Under-Secretary-General for Humanitarian Affairs and Emergency Relief Coordinator, Mark Lowcock: Statement to the Security Council on the humanitarian situation in Syria (27 March 2018)
27 March 2018
Mr. President, members of the Security Council,
As you all know, the Syrian conflict has now entered its eighth year. When weapons speak, civilians pay the price. A relentless price, with horrific violence, bloodshed and unspeakable suffering.
The last few months have been some of the worst yet for many civilians inside Syria.
I want to start today with the situation in eastern Ghouta. Since the passing of Resolution 2401 on 24 February, military operations - airstrikes in particular - in eastern Ghouta reportedly killed more than 1,700 people. Thousands more were injured.
Attacks on critical civilian infrastructure like medical facilities continue to be reported. There have been at least 28 reported attacks on health facilities since mid-February and more than 70 verified incidents since the beginning of this year. WHO has reported that attacks on health facilities, health workers, and health infrastructure were recorded during the first two months of 2018 at three times the rate we saw during the course of 2017.
In Damascus city, at least 78 people were reportedly killed and another 230 injured by shells fired from eastern Ghouta in recent weeks. They include reports of at least 35 people killed and scores wounded on 20 March when Kashkul market in Jaramana, a south-eastern suburb of the city, was struck by a rocket.
Tens of thousands of civilians have been displaced from Duma, Harasta, Saqba and Kafr Batna in recent days and weeks. So far, reports indicate that some 80,000 civilians have been taken to places in Damascus city and Rural Damascus. Nearly 20,000 combatants and civilians have been transported to locations in north-western Syria.
Nearly 52,000 civilians from eastern Ghouta are currently being hosted in eight collective shelters in Rural Damascus. This is a displaced population which has endured months of limited access to food, medical care or other essential items. In the words of the UN's Humanitarian Coordinator Ali Al-Za'atari, who has met and spoken to some of them, these people are "tired, hungry, traumatized and afraid."
Most of the collective shelters do not have the capacity or infrastructure to accommodate such large numbers of people. They are extremely overcrowded and severely lacking in basic water, sanitation and hygiene facilities. There are a number of serious protection concerns, related to risks of gender-based violence, unaccompanied and separated children, and restrictions on movement.
The United Nations is not in charge of the management of these shelters. However, since 13 March, together with humanitarian partners, the United Nations has mobilized a rapid response to provide evacuees with basic support, in close coordination with the Syrian Arab Red Crescent and other local partners. So far, more than 130,000 non-food items have been distributed, 130 emergency toilets have been installed, and water trucking services have been provided to most shelters. Additionally, supplies to feed over 50,000 people and a total of 38 mobile health teams and 18 mobile medical teams are currently providing support to those in need inside the shelters.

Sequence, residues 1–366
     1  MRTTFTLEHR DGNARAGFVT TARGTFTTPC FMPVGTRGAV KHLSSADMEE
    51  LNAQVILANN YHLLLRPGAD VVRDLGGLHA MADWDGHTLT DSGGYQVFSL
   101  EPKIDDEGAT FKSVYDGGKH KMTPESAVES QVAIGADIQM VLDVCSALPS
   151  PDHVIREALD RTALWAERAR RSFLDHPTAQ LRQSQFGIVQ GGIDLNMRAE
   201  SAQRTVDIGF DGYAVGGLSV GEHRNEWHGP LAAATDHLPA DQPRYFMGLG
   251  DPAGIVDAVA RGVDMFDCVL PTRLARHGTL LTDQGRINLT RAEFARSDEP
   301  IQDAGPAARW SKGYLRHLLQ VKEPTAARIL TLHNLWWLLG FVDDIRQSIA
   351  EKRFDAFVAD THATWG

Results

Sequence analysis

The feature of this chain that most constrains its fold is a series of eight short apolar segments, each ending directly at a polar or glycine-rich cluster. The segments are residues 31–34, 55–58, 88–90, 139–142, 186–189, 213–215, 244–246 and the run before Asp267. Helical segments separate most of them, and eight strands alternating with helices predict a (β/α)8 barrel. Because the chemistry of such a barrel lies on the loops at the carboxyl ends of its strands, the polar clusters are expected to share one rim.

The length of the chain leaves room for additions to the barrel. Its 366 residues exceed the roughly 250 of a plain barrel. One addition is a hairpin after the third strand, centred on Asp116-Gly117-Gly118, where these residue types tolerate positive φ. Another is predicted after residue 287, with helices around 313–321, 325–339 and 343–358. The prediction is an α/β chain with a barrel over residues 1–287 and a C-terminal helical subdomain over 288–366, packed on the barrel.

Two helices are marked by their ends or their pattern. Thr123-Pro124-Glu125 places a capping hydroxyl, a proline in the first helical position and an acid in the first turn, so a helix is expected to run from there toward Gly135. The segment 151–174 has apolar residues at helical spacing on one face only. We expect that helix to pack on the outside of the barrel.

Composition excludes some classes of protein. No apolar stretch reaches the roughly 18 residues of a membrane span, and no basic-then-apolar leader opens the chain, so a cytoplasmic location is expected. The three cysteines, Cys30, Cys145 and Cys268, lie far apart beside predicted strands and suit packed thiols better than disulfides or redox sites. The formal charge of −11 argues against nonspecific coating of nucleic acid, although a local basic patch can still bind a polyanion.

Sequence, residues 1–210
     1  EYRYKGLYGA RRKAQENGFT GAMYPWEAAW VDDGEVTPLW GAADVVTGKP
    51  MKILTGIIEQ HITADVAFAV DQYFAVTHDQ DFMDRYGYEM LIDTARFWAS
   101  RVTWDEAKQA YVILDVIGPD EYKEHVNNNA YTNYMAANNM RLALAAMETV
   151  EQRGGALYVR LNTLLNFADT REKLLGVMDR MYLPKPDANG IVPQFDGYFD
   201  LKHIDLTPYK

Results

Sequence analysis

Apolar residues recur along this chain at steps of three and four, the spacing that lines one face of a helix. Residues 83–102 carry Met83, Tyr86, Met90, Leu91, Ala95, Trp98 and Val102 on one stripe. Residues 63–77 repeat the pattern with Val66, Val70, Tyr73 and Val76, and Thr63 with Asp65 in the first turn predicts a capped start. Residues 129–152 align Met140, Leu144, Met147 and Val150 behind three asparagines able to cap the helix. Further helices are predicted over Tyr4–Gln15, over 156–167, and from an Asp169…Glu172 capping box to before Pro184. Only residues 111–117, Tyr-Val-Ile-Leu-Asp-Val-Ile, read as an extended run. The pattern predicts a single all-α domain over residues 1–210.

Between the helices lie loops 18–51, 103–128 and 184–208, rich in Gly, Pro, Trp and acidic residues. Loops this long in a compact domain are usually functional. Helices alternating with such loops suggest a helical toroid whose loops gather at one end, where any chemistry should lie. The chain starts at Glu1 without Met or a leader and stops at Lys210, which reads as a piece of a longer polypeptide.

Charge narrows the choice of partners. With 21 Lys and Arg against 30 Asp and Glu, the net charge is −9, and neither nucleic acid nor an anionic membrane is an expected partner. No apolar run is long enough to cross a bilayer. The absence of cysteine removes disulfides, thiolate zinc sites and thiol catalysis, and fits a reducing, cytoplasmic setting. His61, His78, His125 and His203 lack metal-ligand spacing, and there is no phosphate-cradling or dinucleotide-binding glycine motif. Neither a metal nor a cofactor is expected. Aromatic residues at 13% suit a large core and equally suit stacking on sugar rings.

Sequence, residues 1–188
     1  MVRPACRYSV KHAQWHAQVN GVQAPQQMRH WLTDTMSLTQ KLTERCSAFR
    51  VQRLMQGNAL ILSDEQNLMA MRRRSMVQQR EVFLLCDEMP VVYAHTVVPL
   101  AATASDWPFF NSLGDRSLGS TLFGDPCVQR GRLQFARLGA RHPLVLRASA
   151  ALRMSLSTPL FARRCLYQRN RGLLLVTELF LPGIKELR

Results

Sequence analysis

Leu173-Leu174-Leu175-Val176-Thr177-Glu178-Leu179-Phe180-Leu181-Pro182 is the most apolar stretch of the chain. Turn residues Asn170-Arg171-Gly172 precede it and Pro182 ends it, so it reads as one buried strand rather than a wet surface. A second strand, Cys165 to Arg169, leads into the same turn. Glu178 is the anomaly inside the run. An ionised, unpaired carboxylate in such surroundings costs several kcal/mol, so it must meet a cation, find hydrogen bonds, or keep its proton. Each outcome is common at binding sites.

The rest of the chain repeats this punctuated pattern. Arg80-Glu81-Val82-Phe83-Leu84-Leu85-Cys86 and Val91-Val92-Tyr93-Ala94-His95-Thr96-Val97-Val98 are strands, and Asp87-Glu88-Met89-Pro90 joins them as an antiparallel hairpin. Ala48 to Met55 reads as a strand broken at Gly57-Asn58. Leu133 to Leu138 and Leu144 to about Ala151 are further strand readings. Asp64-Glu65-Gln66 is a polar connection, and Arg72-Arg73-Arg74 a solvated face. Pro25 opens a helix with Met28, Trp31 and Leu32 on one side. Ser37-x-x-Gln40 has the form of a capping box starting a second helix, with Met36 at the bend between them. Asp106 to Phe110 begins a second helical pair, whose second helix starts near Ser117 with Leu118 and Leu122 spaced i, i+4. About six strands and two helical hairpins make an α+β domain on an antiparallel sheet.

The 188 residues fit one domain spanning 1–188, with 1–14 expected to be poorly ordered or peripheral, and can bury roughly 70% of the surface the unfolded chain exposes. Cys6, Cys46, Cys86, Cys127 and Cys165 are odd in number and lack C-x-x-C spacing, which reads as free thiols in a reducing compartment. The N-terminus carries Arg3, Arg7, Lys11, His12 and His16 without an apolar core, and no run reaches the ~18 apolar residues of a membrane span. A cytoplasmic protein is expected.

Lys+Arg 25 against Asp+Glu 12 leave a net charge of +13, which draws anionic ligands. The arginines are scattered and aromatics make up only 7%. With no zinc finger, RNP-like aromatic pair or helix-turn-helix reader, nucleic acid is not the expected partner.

Humanitarian organisations also need access to people still trapped inside eastern Ghouta - in Duma in particular, where fighting and besiegement continue.
The United Nations and its partners are ready to proceed to Duma with food for up to 16,500 people, as well as health, nutrition and water, sanitation and hygiene supplies. But facilitation letters have to be signed by the Government of Syria.
I reiterate the Secretary-General's call for all parties to fully respect international humanitarian and human rights law, to ensure immediate humanitarian access and guarantee the protection of civilians, including in relation to displacements and evacuations.
The UN and its partners require unimpeded access to all those affected by the situation in eastern Ghouta. This means access to areas where civilians remain, transit and exit to, like collective shelters, in order to ensure that effective protection mechanisms are in place, so that we can deter any possible violations and that we can provide remedial protection support.
Eastern Ghouta is not the only place in which humanitarian needs continue to rise. In north-west Syria, in recent weeks, an estimated 183,500 people have been displaced by hostilities in Afrin district in Aleppo Governorate. The majority, some 140,000 people, have fled to Tal Refaat and the remainder have gone to Nubul, Zahraa, Menbij and Hassakeh and surrounding areas. This massive influx of IDPs is putting a strain on host communities, which are already overwhelmed.
Two days ago, on 25 March, an inter-agency convoy to Tal Refaat delivered assistance for some 50,000 people. Overall, however, humanitarian partners are still struggling to gain sustainable access to this area. Moreover, access to Aleppo City for IDPs from Afrin district is currently restricted. Of particular concern are medical evacuations that are urgently required for severely sick people to receive care in specialized hospitals in Aleppo City. Four deaths due to the lack of proper healthcare have already been reported. Between 50,000 and 70,000 people are estimated still to be in Afrin City. Humanitarian access to the City and its outer perimeters is possible through cross-border operations mandated by this Council. The government of Turkey have told us today that they are positively disposed towards this, and we plan to run convoys in the very near future. We know that needs are very substantial.